On July 1, the exhibition, Songs in the Key of L.A., will open on the first floor of the historic Central Library in Downtown Los Angeles.  Featuring a rotating selection of pieces from the collection, the exhibition will use sheet music to explore the early history of Los Angeles’ music industry, civic music culture, and the role of music in shaping key stories central to the making of the city.

On July 13, the Foundation will host Kun, Los Angeles musical icon Van Dyke Parks, and surprise guests for a special evening of song and story specifically for Library Foundation Members. And on July 18, the Foundation’s award-winning ALOUD at the Central Library series gets in on the fun, hosting Kun and musical guest Quetzal (pictured below) for a rare evening of L.A. music history.

On July 25, Grand Performances hosts City Librarian John Szabo and Library Foundation President Ken Brecher for “Off the Shelf: Creating L.A.’s 21st Century Library,” a lively discussion about the future of the Los Angeles Public Library, starting with the “Songs in the Key of L.A.” project.

And finally, on August 2, Grand Performances, in collaboration with the Library Foundation, presents “Songs in the Key of L.A.” the concert.  With selections hand-picked by Kun, hometown heroes Ozomatli and special guests will bring songs from the collection to life in a free concert for the people of Los Angeles.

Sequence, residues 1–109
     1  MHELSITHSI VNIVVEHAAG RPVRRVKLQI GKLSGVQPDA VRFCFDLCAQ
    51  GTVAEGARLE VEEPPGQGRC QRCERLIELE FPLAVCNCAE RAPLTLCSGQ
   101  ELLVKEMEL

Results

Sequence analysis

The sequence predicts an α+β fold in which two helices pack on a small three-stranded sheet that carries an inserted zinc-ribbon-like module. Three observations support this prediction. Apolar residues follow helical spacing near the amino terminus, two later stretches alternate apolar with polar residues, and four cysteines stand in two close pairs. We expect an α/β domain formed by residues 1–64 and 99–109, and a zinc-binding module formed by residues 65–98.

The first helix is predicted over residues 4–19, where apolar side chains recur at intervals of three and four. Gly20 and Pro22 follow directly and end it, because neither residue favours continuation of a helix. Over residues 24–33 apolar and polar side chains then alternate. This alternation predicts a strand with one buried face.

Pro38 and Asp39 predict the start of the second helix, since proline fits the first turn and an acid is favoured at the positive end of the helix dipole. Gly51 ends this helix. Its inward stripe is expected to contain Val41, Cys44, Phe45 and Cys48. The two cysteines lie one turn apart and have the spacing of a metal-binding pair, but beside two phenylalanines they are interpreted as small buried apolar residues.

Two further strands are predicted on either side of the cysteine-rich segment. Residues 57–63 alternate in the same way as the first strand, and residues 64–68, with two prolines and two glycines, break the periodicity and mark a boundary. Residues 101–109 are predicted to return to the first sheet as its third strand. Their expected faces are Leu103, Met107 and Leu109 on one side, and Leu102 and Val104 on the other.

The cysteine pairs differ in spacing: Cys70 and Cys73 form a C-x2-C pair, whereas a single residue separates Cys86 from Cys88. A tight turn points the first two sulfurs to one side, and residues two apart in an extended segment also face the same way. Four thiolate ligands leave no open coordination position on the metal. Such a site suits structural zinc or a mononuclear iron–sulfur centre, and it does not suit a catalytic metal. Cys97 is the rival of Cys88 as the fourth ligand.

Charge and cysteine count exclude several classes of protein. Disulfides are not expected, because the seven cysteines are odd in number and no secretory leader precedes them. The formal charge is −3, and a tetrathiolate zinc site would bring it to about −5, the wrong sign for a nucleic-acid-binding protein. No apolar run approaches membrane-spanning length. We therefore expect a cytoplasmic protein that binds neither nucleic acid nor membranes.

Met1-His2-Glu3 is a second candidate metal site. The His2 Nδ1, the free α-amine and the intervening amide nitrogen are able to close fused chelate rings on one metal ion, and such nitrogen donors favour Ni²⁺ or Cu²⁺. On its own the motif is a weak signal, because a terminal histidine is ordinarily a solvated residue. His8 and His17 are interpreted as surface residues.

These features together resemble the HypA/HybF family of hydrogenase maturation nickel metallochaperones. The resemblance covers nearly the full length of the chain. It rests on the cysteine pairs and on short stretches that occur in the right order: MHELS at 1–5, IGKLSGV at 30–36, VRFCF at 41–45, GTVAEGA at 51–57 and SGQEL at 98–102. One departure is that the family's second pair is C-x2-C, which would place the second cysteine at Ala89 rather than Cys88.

For more information about this and other special collections, visit www.lapl.org.

 

From the Collections: A Look At African American History

I just love viewing L.A. history, particularly, when it involves people, books and reading. In honor of African American History Month, here are a few of my favorites from Los Angeles Public Library’s Photo Collection as well as some reading recommendations. I stand on the shoulders of women like Miriam Matthews, LAPL’s first African-American librarian. –Jené D. Brown, Librarian and Volunteer Services.


From Shades of L.A.: African American Community

The first two images below are from Shades of L.A., an archive of photographs representing the contemporary and historic diversity of families in Los Angeles. Images were chosen from family albums and include daily life, social organizations, work, personal and holiday celebrations, and migration and immigration activities.

Friends at an Event